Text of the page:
Happy Freeze week! Exhausted yet? I hope not, we’ve got a lot more hobnobbing ahead of us. Speaking of which, through this month’s auctions, openings, parties, and dinners, I’ve started to reflect on my time reporting on this whole art-world social scene. Over the course of writing more than 80 Wet Paint gossip columns dedicated to peeling back the curtain on, blowing the lid off, or otherwise poking fun at the art world, I’ve picked up on a few sage lessons from mucking through these trenches.
What follows is an assortiment of tips, tricks, insights, and other painfully acquired knowledge. I can’t give away all of my secrets, but here are a few words the wise I’ll share with you today. (Note bene: I extralegally refuse to be blamed if any of these don’t work for you—sorry!)
Line too long for a party at the Whitney? Go to the entrance on the West Side Highway, they’ll probably let you in if you ask nicely enough.
The rich and powerful are like horses. The second they smell fear, they get agitated. Proceed with confidence and calm and you’re in for a smooth ride.
Los Angeles galleries don’t know how to throw parties in New York. No one here wants to go all the way to the Boom Boom Room just to wait in line.
That said, New York galleries really know how to throw a party in Los Angeles. The best way to make people happy is just to go to the Chateau.
When a gallerist tells you what they’re “asking” for a piece, it’s usually not the same as what they’ll sell it to you for, depending on who you are.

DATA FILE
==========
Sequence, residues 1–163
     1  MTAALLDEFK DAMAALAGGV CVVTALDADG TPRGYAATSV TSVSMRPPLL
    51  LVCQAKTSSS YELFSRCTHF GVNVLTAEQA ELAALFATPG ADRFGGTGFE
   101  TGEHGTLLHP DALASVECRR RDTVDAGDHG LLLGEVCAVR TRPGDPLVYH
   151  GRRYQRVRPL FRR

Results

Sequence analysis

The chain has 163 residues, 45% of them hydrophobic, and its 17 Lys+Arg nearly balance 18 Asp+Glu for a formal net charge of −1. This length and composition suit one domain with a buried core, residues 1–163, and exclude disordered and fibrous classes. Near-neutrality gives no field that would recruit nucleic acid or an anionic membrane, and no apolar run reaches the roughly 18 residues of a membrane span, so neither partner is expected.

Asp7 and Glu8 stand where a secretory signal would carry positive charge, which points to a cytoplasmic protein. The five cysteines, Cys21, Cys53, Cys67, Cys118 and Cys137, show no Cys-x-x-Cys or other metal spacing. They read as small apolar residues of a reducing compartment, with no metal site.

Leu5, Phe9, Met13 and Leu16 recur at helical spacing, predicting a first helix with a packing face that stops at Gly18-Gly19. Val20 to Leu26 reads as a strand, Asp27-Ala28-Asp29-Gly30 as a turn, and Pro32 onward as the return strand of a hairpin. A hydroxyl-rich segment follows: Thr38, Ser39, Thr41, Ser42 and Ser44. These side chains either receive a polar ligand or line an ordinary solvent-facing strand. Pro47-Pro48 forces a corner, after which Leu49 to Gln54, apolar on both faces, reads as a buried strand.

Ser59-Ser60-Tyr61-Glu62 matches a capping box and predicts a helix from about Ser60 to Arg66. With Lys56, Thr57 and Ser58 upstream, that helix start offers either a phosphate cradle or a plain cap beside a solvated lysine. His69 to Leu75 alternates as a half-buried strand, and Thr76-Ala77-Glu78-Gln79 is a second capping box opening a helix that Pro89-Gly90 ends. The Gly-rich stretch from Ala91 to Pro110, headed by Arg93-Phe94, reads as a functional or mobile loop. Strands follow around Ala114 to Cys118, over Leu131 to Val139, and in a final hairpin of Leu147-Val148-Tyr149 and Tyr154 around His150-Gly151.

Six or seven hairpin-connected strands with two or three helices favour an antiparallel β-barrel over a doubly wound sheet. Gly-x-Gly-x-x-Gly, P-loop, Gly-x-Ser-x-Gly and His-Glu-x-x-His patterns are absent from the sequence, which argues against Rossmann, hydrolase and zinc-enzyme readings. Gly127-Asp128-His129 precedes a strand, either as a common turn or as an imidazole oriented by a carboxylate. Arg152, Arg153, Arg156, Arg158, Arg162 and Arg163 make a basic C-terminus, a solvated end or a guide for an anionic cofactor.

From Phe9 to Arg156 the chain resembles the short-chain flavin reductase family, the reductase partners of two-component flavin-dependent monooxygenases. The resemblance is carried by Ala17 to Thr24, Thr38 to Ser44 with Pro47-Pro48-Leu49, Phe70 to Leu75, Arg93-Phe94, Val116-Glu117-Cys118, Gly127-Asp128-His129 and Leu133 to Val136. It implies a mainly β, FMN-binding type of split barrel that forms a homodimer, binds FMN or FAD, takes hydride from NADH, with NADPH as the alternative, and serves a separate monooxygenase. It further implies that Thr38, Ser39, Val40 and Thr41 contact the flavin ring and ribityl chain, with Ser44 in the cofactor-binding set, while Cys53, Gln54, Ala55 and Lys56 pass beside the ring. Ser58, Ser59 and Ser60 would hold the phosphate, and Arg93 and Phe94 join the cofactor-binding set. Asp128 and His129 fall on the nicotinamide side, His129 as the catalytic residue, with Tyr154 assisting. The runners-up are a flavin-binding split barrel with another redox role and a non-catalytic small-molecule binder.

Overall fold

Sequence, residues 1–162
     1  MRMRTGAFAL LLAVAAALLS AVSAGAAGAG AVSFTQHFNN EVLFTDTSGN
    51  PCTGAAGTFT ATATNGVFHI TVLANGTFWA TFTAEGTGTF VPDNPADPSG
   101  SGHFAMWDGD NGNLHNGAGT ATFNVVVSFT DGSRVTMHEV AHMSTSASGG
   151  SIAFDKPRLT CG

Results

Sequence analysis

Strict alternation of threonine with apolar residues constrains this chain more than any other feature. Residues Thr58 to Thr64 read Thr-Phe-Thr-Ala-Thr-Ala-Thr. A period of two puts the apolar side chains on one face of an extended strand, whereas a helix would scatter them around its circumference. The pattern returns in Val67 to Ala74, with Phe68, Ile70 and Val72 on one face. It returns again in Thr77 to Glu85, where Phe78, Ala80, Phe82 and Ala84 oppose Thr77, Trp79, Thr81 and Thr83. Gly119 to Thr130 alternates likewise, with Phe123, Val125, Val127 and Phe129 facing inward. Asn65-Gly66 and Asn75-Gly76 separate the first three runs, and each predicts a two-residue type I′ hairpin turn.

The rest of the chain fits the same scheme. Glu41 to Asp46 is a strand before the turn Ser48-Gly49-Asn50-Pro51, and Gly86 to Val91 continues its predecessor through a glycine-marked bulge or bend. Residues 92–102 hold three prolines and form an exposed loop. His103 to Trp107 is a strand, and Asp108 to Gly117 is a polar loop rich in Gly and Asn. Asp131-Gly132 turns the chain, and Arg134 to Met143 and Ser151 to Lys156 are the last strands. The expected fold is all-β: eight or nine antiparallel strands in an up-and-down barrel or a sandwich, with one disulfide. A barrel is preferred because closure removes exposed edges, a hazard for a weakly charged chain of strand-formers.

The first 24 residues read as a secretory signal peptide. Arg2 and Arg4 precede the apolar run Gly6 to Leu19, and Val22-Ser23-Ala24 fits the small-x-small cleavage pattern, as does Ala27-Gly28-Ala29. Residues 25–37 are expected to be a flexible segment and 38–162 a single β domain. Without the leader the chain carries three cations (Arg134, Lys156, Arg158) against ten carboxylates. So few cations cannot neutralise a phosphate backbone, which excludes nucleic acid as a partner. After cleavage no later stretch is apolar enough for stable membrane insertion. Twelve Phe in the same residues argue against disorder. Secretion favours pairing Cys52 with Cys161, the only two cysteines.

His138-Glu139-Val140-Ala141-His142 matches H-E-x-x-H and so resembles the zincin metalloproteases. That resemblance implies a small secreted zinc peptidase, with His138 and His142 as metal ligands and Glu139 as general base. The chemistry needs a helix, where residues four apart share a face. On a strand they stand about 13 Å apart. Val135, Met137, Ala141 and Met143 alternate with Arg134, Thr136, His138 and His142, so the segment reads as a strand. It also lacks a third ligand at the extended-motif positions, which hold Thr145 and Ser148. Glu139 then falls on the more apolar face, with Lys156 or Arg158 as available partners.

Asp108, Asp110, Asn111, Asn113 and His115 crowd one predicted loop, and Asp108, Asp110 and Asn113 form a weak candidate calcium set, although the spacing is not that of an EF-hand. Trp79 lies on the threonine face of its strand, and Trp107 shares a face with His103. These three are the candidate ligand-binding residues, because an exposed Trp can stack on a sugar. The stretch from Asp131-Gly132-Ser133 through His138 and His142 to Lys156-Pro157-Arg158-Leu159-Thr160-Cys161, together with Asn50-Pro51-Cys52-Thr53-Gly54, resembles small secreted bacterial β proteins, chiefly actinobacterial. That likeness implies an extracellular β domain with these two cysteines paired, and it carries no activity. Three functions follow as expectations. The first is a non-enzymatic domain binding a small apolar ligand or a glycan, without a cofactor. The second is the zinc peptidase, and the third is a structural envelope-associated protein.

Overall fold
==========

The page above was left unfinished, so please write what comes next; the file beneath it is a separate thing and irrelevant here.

Though it goes against everything I know from Southern hospitality, it is acceptable to skip the opening and go straight to the gallery dinner if work runs late. But hitting both is always remembered and appreciated.
You can tell you’ve really pissed off a gallery when they open an email with “Thank you for your continued interest in our program.” The venom is in the word “continued.”
A table for lunch at 3 Guys is often a tougher clinch than one at Sant Ambroeus—and often more high-profile.
In a perfect world, I would not be writing the art-world gossip column. Art handlers would be. They know all your dirty secrets. Be nice, or pay the price.
Parlaying your way into Paul’s Casablanca is chess, not checkers. Use the right opening gambit with the doorman followed by a smart sequence of pawn moves (a smile, a wave, a look of overpowering respect), and he may just let you get past the list.
If you’re an art-world gossip columnist—or, likely, one of the many people that an art-world gossip columnist runs into on a semi-nightly basis—you’re going to become disillusioned and maybe bitter about the excess of it all about once a quarter. Taking a few days off helps. Whining about it doesn’t.
Be good to your employees. Some of my most incendiary scoops have come from disgruntled employees who feel disregarded or undermined.
It is only acceptable to wear one item of art-world merch at a time. Remove the Ballroom Marfa baseball cap, sir, you’re already wearing a Sky High Farms sweatshirt.
The best drinkers in the art world are art advisors. If you think I’m talking about you, yes I am.
The auction crews are like frat houses, if you’re going to get in deep with one, pick ’em and stick to ’em—Montagues and Capulets don’t mix for a reason.